After Palmer amaranth was recently spotted for the first time in Knox County, northeast of Columbus, the land owner, along with his neighbors and others, came together — 26 in all — and scouted the fields, yanking out the weed as they went.
Carrying machetes or pruning clippers, they walked through damp, nearly chest-high soybean fields determined to yank out or cut down the weed. It was like an army approaching the enemy.
“It’s something everyone is kind of scared of — and should be,” said John Barker, Knox County Extension educator. “It’s a nasty weed.”
Before the slashing, they consulted Mark Loux, a weed specialist with Ohio State University Extension.
“They looked at me and said, ‘What are our options?’ I said, ‘You’re going to have to pull it all out. You’ll regret it if you don’t,’” Loux said.
Palmer amaranth is not native to Ohio. It entered Ohio fields through manure from local livestock that were fed contaminated cottonseed products from the South, as well as through farm equipment previously used on a contaminated field. The weed is far less common in Ohio than waterhemp or other troublesome weeds, including giant ragweed and marestail, but farmers particularly loathe Palmer amaranth. The weed can grow up to three inches a day, and since one plant can produce so many seeds, if it is not removed in time, it will spread.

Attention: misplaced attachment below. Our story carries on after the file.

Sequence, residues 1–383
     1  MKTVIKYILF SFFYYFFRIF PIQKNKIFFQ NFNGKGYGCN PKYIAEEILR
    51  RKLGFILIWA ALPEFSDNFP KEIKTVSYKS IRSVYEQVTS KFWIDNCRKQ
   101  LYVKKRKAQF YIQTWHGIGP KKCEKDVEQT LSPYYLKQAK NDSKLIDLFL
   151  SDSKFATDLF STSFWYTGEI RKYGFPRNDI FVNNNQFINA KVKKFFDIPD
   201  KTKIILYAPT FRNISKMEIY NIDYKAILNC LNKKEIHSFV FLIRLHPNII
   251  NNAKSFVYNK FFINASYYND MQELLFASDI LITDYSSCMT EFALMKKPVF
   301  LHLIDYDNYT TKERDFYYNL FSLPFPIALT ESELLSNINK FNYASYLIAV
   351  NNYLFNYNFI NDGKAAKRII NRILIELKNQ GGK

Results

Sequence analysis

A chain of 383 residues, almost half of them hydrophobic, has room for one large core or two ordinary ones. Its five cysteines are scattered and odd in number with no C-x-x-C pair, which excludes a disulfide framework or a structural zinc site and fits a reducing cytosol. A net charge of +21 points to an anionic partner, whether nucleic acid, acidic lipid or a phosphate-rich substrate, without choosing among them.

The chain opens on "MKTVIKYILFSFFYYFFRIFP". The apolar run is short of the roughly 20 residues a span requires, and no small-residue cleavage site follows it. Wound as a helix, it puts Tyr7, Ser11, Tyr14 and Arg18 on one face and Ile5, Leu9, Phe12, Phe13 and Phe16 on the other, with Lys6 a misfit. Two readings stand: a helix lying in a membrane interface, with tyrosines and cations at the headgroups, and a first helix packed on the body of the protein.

Last year some soybean fields had to be mowed down in early August because Palmer amaranth took over the fields, Loux said.
“These are weeds that if you miss your timing for fighting them, you’re done,” Loux said.
Since it was first spotted in Ohio in 2009, Palmer amaranth has been found in 25 of Ohio’s 88 counties, Loux said. Five years ago, Palmer amaranth was reported in only one.